Every week, Fanbase Press Contributor Phillip Kelly will take some time to play two brand-spanking-new or recent indie video game releases, all within an affordable range of $15 or less. Why? There are a lot of indie games out there, and if he can help you, curious reader, to parse through the selection, then by god, he’ll die content.
Assassin’s Creed Odyssey is the eleventh entry in Ubisoft’s popular Assassin’s Creed franchise, following the release of last year’s Assassin’s Creed Origins. While the series has flirted with the historic epic genre since its incarnation, having settings during the French Revolution, the Third Crusades, and even during the Age of Piracy, Odyssey is the first title to embrace the sword and sandal genre, specifically drawing influence from contemporary neo-peplum films such as Gladiator and 300.
Escape rooms are an interesting concept and translating the experience to a home version can be difficult, but Apocalypse by Argyx Games manages to pull it off with some interesting twists.
Note: Limited description of gameplay past Chapter 1 (Mia) to minimize spoilers for characters and game-events.
Resident Evil 7: Biohazard, 25 games after the original Resident Evil’s release in 1996, has returned to form. While the recent Resident Evil games have played on ideas of action and shooter-based horror, Resident Evil 7 is once again focused on the original genre of Resident Evil: survival horror.
Author's Note: This game was played on Android.
Mobile games are one of the fastest growing forms of entertainment in today's gaming marketplace. Most people have smartphones, using them to check the internet, social media, and spend a few minutes at a time playing a game to keep them occupied. Comic books and their related media are also one of the biggest pieces of the entertainment marketplace, and their entry into the world of mobile gaming has been not only extremely popular, but with the introduction of micro-transactions, incredibly lucrative.
The Detail is what happens if a Telltale-style adventure game had a love child with a comic book and a police procedural. It’s a magnificent video game series that’s simple in its artistic depiction, but more than makes up for it with an incredible score, complex characters, and an abundance of charm.
Police procedurals are a concept we're all familiar with. We pick up on the ins and outs of the law, find a guilty pleasure when a cop gets too rough with a real criminal, and watch as friendships and rivalries form within (and outside) the precinct. A few games have tried to emulate that feel before, but never quite hit the right notes with tight restrictions and railroaded plots making the game more about puzzle solving and less about your choices. Not so with The Detail, which truly gives you the freedom to be the kind of cop (or criminal) you want to be. Rival Games' The Detail is the police procedural game I've always wanted.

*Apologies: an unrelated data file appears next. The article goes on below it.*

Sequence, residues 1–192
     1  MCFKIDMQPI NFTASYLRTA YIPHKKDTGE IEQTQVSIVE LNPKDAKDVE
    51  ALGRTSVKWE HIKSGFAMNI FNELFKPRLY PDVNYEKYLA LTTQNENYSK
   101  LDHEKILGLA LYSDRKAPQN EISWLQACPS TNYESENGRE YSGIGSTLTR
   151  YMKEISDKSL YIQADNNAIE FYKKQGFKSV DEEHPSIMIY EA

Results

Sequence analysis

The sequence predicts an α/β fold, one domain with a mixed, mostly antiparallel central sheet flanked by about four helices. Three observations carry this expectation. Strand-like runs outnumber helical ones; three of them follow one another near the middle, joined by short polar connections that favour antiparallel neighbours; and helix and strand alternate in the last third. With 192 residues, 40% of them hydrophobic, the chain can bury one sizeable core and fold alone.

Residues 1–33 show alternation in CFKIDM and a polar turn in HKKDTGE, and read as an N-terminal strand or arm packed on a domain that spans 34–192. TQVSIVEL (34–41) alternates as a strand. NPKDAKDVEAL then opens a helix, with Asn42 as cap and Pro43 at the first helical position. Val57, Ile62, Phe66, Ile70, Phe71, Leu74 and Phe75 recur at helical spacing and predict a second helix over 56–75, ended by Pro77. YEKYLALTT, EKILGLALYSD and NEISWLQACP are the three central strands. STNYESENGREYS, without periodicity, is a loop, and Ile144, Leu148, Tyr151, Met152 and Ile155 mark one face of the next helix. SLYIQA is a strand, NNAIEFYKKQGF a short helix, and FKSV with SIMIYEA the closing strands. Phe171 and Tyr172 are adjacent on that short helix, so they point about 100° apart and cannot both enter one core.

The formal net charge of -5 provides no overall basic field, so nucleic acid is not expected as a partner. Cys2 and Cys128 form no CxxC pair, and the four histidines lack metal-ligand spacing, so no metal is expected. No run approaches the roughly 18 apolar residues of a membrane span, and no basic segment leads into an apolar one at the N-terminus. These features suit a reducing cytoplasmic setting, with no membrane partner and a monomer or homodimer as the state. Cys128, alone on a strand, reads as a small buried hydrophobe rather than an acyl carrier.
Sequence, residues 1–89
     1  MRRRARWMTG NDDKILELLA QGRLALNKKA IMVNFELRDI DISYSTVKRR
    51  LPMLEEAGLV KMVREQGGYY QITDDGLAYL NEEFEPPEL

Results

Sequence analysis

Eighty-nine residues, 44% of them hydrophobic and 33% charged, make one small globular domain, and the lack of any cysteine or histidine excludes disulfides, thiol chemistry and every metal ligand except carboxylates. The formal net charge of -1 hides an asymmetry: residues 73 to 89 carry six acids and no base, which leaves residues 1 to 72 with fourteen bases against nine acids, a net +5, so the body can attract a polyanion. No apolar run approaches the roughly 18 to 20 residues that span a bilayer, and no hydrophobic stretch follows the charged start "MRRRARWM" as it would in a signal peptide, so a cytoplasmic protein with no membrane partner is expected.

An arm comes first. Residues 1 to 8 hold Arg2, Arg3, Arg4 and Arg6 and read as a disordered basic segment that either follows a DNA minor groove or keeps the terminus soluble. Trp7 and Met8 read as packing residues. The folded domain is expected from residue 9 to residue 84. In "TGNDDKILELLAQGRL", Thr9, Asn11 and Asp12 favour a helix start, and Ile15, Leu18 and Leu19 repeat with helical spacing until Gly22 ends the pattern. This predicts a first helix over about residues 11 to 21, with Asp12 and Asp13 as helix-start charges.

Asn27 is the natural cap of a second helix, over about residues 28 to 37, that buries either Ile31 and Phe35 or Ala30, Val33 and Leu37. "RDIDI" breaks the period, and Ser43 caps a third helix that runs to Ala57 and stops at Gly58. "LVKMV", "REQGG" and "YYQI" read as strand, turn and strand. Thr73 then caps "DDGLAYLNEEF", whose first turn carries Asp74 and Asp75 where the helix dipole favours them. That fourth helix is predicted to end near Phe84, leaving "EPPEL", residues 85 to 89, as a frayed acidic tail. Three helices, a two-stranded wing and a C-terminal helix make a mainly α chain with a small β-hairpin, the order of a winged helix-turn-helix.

The Pathfinder RPG is now 7 years old and, in addition to the core rules, has had several new books that offer new player classes, abilities, and monsters, but there has never been a book that revisits those initial rules and re-imagines them. That is, until now. Pathfinder Unchained is a compilation of variant rules that allows you to customize your Pathfinder game in unique and interesting ways. To borrow a little comic book lingo, it is not a reboot or retcon of the Pathfinder Core Rulebook so much as it is a “What If?” The designers have taken a critical look at some of the choices from the core rulebook and offered alternatives that seek to ease play, simplify complicated mechanics, or just offer something cool and new that may not have been imagined at the release of the original core rules.
As your dropship lands, you can hear fighting in the distance, the bark of machine guns, and the shrieks of launched missiles. Your worries and fears slip away as you hear that familiar mechanical whirl of servos all around you and stand up, a towering behemoth made of metal and weapons that will turn the tide of battle, a mech.
Syrinscape produces apps that provide amazing, highly immerse soundtracks for use in your Roleplaying Games (RPGs). Fanboy Comics' Jason Enright wrote a great write-up of the Fantasy Player, but it is by no means the only toy Syrinscape has available.
As a gamemaster running roleplaying games, there is a lot to manage at the table. You have to keep track of player actions, non-player character (npc) actions, all of these characters' health and spells or once-a-day abilities, and, on top of that, make sure you tell a good, entertaining story which is the most important part. It is no wonder that many gamemasters are turning to computer-based tools to help them manage some of the minutiae of gaming. Luckily, Hero Lab, the software program that helps gamemasters craft characters and monsters for their games, has now turned their sites to helping gamemasters run their games, as well.